By 2014 he’s the third best receiver on this team anyway. I love him too, but frankly if I absolutely HAD to choose 2-out-of-3 I’m going with Nicks and Randle and figuring I can find excellent slot receivers to eventually displace Jernigan (who would be the slot guy initially if they don’t get someone else to replace him by 2014, when I suspect the tagged Cruz will be gone after one more year with the Giants….unless he and his agent come down to Earth).

      •  demo3356 says:

        I’m not convinced hat some crazy team doesnt roll the dice and give up the first rd pick to add an electric charismatic young super star. There are plenty of teams with TONS of cap room and some with multiple draft picks

  10.  fanfor55years says:

    I’ll briefly return to Hixon, Bradshaw and Tynes and then forever hold my peace.

    It’s all about confidence and intangibles, two things that are part of the makeup of championship teams.

    Coughlin has confidence in Tynes, and from inside the 45-yard line, he should. The guy gets the job done. Any kicker who makes about 90% of his attempts and has shown the ability to do so in “big” situations is golden. Anyone who thinks a rookie is going to come in and command the same amount of confidence from the coaches and fans is almost certainly wrong. And now that the rules have changed Tynes’ kickoffs are not only a weakness, but have become a strength because of his ability, when asked, to place a high ball at about the 2-3 yard line outside the numbers. Of course he has to take a reasonable pay package, but if we’re talking simply about value to a team, Tynes has a surplus of that.

    Hixon is one of those guys who elevates himself well beyond a JAG because of a combination of versatility (kick returner, gunner, any of three receiver positions), brains (he knows the playbook inside out and knows how to get to the spot Eli expects him to be), and the intangibles that make him a favorite of the players and coaches. You NEED guys like Hixon to win championships. He’s like the terrific utility infielder on a baseball team who does all the little things that don’t often get noticed but gets the team an extra few wins each season. (By the way, a comparison to Tyree isn’t fair because he can do plenty that Tyree couldn’t, but it should be noted that when the Giants parted ways with Tyree their coverage teams suffered immediately and just recovered three years later, so let’s not rush to judge that as having been a brilliant personnel decision).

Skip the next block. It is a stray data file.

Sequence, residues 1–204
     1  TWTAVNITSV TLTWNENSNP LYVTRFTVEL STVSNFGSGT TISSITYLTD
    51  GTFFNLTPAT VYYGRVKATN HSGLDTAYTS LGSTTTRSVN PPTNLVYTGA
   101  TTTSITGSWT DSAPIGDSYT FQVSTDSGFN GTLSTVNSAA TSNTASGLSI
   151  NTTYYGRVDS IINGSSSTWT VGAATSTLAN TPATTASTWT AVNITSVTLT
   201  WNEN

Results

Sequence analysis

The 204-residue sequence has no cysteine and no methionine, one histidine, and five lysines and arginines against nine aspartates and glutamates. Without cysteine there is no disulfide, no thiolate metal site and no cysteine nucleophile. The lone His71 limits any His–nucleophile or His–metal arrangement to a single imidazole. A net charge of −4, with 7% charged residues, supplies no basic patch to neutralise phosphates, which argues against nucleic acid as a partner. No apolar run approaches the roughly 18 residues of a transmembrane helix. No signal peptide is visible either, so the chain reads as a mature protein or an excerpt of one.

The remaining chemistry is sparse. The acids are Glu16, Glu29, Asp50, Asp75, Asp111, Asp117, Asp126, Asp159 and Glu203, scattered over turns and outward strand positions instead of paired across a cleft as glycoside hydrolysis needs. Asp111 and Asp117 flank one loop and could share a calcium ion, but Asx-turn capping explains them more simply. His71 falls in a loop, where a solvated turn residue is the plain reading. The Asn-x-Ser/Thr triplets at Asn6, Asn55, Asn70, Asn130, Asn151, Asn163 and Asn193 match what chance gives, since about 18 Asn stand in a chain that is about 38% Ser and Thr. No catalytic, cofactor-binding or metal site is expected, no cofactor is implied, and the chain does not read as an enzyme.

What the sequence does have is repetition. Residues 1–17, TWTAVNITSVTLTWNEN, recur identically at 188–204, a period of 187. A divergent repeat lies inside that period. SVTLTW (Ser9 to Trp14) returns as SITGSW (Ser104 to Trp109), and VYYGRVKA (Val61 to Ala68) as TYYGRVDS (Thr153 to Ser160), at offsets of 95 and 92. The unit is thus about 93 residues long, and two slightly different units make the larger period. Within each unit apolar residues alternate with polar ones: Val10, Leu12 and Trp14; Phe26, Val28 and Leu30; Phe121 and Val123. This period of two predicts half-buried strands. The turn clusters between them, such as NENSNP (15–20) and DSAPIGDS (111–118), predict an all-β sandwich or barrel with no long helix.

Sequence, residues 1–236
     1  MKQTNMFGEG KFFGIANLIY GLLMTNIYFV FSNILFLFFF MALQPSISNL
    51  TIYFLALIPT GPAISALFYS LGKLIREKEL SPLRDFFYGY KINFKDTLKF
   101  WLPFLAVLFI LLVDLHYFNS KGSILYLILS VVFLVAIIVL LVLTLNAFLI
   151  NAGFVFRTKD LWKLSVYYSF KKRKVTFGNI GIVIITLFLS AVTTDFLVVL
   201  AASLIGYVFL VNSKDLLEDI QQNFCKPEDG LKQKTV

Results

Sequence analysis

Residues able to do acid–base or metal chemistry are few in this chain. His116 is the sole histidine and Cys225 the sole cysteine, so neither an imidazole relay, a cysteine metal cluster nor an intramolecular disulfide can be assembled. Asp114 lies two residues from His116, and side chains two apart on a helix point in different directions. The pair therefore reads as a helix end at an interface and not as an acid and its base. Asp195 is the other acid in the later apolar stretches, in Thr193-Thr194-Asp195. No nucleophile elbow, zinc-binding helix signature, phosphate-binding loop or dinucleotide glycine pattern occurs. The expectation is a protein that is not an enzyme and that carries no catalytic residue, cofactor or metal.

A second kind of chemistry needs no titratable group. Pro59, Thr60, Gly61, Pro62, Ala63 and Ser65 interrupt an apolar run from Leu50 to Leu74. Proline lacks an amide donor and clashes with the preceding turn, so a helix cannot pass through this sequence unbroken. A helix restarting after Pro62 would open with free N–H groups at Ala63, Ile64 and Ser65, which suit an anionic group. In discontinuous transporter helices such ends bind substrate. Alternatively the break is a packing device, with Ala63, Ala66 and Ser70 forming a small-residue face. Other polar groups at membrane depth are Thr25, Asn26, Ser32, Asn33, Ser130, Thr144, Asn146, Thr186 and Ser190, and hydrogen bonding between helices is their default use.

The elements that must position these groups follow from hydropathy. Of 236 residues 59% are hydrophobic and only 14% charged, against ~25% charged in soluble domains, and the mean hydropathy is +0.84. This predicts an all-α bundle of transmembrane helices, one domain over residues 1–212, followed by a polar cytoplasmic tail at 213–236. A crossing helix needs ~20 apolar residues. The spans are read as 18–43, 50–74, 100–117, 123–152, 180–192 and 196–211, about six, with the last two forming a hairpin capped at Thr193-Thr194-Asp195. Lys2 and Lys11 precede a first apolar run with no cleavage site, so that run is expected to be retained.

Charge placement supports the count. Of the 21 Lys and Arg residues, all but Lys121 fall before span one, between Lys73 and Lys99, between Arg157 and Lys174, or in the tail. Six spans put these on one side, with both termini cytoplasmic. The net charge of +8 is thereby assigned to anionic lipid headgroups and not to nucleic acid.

Bradshaw? Yes, he isn’t what he was, physically, as a rookie. Yes, he is frequently hurt. But he’s as tough as anyone on a team that could use even more toughness, he plays more than well enough to go another two years as a part of a rotation led by Wilson (and would be a good fit as a lead back if Wilson is hurt and Bradshaw hasn’t been worn down from too many carries before Wilson’s injury), and he is an emotional leader on a team that I believe needs more of them to get past the lack of fire that has sometimes undermined them over the course of a season (and as for missing the playoffs three of the last four seasons, Bradshaw was not, and could not be, the emotional leader he has become before Brandon Jacobs, his “big brother” departed….just as Eli could not blossom until Shockey, Barber and Strahan). And on top of that, the guy is still very productive.

    Now, of course they all need to take reasonable salaries, or they will have forced their way off the team. But all three are quite valuable, and I expect all of them back.

    •  Dirt says:

      If all 3 come back and one of Cruz or KP walks, the team is:

      A) better off
      B) worse off

      •  fanfor55years says:

        Cruz cannot walk. At worst he will play for us one more year. But given Reese’s leverage he will probably be signed to a reasonable 2-3 year deal. If not, he’ll be a huge bargain in 2013 and gone in 2014.

        KP sounds like he’s leaving anyway and money isn’t the only issue. But of course I would keep him even if the cost was dumping all three IF the doctors could assure me that he will give me three more good years. I suspect that’s something they cannot assure me.

        So my answer is, “it depends”. In any case, all three are more valuable than you will admit. Let me turn around and ask you, if Hixon and Tynes would play for about 20% above veteran minimum and Bradshaw will play for $3.0MM, would you bring them back? Because that’s what I suspect we’re really talking about.